A circle is a curve of constant width. As you rotate a circle its width doesn't change. Does any other shape have this property?
Why yes! The Reuleaux polygons all do. The simplest and best known of which is the Reuleaux Triangle.
How do you draw a Reuleaux triangle?
Draw an equilateral triangle, and then inscribe 3 arcs, each centred on a point of the triangle and travelling between the other two points.
lt 30 repeat 3 [ fd 100 lt 120 lt 60 arc 100 60 rt 60 ]
Or, draw three circles, where the centre of each circle touches the outside of the other two:
What can you do with this special shape?
You can make a drill bit that drills a square hole! (The Harry Watt square drill bit, where the drillbit needs to be mounted in a special chuck which allows for the bit not having a fixed centre of rotation)
You can build rotary engines! *
You can make a bike that has non-circular wheels but still gives a smooth ride.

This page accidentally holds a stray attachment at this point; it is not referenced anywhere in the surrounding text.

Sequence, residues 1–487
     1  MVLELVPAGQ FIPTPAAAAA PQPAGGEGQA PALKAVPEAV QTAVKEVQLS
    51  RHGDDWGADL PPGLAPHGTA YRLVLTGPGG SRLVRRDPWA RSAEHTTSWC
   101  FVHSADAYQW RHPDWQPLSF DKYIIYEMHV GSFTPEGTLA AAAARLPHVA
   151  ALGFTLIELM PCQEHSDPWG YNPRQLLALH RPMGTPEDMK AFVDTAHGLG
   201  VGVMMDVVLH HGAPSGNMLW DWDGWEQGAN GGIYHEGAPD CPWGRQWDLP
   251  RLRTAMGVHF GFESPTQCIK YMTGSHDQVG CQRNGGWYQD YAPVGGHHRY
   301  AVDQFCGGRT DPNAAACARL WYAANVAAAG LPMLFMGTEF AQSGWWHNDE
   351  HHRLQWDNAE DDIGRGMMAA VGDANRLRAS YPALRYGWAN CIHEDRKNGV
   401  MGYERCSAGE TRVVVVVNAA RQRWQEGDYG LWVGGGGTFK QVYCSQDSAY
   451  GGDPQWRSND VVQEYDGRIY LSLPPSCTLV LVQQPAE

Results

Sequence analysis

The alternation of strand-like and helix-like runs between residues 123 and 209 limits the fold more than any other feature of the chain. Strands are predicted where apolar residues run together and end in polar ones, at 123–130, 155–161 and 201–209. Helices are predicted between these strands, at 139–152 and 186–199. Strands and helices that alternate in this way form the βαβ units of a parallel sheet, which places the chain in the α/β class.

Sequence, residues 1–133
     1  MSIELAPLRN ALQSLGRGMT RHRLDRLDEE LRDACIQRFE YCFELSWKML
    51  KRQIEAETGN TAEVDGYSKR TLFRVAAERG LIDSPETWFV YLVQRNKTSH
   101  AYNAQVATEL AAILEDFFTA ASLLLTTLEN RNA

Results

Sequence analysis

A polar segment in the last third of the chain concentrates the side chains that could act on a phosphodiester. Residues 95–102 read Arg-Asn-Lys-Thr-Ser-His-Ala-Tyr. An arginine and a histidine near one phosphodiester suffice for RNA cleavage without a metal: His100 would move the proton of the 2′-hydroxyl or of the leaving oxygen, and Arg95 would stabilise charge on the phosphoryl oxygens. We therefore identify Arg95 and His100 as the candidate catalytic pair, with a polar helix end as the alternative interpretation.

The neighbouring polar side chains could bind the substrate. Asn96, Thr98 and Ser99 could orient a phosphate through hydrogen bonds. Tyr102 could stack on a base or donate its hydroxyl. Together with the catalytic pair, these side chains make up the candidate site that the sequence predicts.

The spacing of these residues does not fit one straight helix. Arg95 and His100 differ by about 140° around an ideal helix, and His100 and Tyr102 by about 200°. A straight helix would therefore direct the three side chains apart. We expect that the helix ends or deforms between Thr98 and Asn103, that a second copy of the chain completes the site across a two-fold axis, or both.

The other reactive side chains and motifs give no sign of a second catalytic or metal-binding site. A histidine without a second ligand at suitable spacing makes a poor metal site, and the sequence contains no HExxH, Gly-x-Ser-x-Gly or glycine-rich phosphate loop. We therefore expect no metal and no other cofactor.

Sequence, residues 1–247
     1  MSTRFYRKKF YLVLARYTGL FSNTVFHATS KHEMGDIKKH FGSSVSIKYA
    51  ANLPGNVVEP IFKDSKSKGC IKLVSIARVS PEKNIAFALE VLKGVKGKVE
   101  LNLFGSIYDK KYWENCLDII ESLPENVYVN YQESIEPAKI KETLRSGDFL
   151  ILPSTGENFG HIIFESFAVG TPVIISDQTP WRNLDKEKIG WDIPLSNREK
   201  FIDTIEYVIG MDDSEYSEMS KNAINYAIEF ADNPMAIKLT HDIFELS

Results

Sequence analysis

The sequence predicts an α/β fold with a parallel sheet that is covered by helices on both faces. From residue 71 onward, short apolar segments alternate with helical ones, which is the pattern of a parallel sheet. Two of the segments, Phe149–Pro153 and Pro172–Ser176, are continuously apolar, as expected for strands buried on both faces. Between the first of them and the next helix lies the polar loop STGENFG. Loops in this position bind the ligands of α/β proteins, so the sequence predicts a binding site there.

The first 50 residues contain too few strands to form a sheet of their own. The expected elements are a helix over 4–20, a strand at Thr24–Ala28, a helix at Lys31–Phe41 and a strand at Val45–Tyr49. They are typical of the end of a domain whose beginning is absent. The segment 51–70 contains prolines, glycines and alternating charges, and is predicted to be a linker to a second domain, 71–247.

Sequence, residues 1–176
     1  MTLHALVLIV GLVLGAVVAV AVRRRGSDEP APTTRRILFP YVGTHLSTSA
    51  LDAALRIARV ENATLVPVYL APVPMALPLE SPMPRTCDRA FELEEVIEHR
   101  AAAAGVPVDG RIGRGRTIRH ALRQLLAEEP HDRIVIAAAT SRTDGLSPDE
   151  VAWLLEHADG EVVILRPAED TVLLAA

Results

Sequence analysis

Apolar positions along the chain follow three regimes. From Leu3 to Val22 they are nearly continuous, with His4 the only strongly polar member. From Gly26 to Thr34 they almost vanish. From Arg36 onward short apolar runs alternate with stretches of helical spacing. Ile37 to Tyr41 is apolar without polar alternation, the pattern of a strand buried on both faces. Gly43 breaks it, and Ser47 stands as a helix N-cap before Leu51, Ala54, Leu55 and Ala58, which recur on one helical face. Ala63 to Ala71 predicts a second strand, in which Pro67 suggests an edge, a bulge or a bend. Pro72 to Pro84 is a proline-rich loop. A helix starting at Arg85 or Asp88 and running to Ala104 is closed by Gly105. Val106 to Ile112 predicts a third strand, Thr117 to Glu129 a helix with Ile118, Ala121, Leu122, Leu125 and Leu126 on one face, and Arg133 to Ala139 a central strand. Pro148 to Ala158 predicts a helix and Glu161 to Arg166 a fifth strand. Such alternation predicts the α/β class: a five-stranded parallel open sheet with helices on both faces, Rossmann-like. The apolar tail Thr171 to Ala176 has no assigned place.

- Regarding rotary engines:
The Wankel rotary engine isn't quite Reuleaux shaped. It says on wikipedia:
The four-stroke cycle occurs in a moving combustion chamber between the inside of an oval-like epitrochoid-shaped housing, and a rotor that is similar in shape to a Reuleaux triangle with sides that are somewhat flatter.
Can you write a program that draws a Reuleaux polygon of any number of sides?
- Smooth-riding Bike with Reuleaux Triangle back-wheel and Pentagonal front-wheel
- Rolling with Reuleaux
- Mathworld: Reuleaux Triangle
- Wikipedia: Reuleaux Triangle